Assessment process of setting a value on real or personal property, usually for the purpose of taxation. It is carried out either by central government agencies or by local officials. Property may be assessed on the basis of its annual rental value, as in Britain, or its capital value, as in the U.S. Various methods are used to determine capital value, including analysis of market data to estimate the property’s current market price, estimation of the cost of reproducing the property minus accrued depreciation, and capitalization of the property’s earnings. Because educators have used the word “assessment” in a variety of ways, it’s important to understand its specific definition in education today.
The Higher Learning Commission (HLC), has identified five fundamental questions for institutions to use in discussing and defining assessment: 1. How are your stated student learning outcomes appropriate to your mission, programs, and degrees? 2. What evidence do you have that students achieve your stated learning outcomes? 3. In what ways do you analyze and use evidence of student learning? 4. How do you ensure shared responsibility for assessment of student learning? 5. How do you evaluate and improve the effectiveness of your efforts to assess and improve student learning?
The HLC’s complete statement on assessment can be found at: www.ncahlc.org/download/AssessStuLrngApril.pdf Using these questions as a guide, OCC has developed its own definition of assessment, which is broadly published in various college documents including the College Catalog (p. 43), Student Handbook, Schedule of Classes, and the assessment website: Assessment is an on-going process aimed at understanding and improving student learning. It involves making our expectations clear to students and setting appropriate outcomes for learning. It helps determine how well student performance matches those outcomes. It uses the resulting information to improve student learning. The assessment process helps to support OCC’s shared academic culture dedicated to assuring and improving student learning. Assessment of student learning occurs at various academic levels. The goals at each level are different.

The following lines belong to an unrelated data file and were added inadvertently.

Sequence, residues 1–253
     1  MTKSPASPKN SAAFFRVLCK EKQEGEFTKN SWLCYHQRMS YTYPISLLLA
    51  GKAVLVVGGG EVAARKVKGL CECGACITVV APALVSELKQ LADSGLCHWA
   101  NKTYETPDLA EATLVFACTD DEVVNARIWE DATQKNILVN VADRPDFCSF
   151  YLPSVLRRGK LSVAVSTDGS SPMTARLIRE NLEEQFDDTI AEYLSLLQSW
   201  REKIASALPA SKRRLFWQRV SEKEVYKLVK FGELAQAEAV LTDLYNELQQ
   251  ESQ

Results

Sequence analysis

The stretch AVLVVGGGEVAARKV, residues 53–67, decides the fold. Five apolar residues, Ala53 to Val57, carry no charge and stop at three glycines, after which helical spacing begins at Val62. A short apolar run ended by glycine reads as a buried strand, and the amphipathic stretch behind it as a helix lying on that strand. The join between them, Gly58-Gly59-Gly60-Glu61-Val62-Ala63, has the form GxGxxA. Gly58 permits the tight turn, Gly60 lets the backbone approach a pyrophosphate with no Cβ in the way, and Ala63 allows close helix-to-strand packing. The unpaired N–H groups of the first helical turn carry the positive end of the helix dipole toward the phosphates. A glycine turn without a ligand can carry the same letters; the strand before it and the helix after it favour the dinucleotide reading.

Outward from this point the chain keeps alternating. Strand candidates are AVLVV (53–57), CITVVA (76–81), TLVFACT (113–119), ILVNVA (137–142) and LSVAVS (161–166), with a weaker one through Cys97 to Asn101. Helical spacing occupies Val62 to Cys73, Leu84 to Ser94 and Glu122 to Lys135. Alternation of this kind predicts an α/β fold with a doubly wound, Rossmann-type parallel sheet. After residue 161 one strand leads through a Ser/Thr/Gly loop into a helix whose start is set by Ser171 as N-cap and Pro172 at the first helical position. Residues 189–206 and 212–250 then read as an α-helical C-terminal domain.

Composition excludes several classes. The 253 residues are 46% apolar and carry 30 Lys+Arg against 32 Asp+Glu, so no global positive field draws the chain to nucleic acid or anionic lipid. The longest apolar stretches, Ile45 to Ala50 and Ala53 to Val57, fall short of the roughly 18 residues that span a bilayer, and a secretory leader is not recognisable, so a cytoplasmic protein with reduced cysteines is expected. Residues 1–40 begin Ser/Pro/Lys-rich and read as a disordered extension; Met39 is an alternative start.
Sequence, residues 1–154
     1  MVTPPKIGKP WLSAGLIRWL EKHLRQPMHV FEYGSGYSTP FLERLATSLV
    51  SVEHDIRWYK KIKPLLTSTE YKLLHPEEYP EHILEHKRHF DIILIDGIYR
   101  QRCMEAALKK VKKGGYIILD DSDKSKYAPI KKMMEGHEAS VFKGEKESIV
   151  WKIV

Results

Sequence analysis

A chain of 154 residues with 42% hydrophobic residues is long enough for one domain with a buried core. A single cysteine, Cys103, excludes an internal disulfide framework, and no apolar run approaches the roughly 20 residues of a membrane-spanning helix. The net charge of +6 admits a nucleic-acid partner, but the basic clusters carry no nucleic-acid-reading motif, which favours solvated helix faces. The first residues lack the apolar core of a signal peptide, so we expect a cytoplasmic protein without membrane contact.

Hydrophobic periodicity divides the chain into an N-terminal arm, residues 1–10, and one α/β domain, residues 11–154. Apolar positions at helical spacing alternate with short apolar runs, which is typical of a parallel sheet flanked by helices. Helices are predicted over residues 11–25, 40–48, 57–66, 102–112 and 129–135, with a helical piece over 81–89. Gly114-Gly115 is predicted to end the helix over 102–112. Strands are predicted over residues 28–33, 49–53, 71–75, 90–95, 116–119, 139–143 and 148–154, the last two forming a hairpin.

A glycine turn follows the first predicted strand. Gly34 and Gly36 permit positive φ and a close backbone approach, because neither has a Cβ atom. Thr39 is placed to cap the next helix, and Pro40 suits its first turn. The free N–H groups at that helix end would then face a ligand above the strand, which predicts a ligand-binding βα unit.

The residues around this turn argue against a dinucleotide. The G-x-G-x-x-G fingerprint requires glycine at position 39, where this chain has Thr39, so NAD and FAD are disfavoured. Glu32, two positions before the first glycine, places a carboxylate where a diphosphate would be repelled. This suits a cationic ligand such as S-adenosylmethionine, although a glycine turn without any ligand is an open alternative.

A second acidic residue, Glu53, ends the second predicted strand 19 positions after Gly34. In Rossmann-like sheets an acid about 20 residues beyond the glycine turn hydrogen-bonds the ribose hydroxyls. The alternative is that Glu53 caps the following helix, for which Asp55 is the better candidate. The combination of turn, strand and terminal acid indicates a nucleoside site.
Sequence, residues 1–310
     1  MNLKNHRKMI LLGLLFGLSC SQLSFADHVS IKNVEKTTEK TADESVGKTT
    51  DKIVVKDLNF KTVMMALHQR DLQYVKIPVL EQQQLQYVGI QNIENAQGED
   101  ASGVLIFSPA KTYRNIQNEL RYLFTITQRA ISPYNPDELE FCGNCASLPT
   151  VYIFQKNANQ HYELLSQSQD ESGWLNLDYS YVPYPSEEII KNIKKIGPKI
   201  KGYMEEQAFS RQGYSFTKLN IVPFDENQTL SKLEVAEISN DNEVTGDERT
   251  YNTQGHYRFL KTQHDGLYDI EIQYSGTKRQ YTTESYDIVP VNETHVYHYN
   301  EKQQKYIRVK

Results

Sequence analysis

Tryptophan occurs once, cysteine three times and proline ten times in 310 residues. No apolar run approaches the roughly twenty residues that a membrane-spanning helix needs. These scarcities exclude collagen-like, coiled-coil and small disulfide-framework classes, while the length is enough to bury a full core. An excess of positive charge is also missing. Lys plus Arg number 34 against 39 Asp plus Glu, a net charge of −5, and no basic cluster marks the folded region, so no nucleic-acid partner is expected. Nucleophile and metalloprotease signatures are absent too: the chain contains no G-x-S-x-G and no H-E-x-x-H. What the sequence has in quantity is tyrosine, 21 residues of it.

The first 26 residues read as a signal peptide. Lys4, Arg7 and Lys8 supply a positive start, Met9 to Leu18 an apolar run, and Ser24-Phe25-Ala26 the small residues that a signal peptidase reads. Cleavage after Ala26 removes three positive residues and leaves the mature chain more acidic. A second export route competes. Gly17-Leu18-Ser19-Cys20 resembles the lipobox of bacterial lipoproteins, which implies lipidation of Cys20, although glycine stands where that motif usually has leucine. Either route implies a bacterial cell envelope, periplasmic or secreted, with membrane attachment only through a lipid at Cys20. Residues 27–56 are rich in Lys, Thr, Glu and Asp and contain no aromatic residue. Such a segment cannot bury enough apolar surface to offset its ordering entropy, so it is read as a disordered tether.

The goal of classroom assessment is to enhance student learning. Instructors use a variety of methods in the classroom to get feedback about student learning in terms of course objectives.
Every degree, diploma, and certificate program has a statement of purpose and learning outcomes. Each learning outcome is measured by the faculty in the program through a variety of assignments, tests, practicum’s, projects, and licensing examinations. Also, in some cases program graduates are surveyed to get feedback about how well the program prepared them for their jobs. The goal of program assessment is to revise and improve the curriculum of the program and to insure student success.
General Education Assessment
Students come to college for a variety of reasons. Regardless of the reason, it is the goal of the college to give its students an education including general skills and knowledge critical for success in life. Therefore, the OCC faculty have identified ten General Education Outcomes and have incorporated them into the general education requirements of the college. These outcomes are assessed in the same way as course learning objectives in the classroom. Additionally, Student Assessment of General Education (SAGE) occurs college-wide each year.
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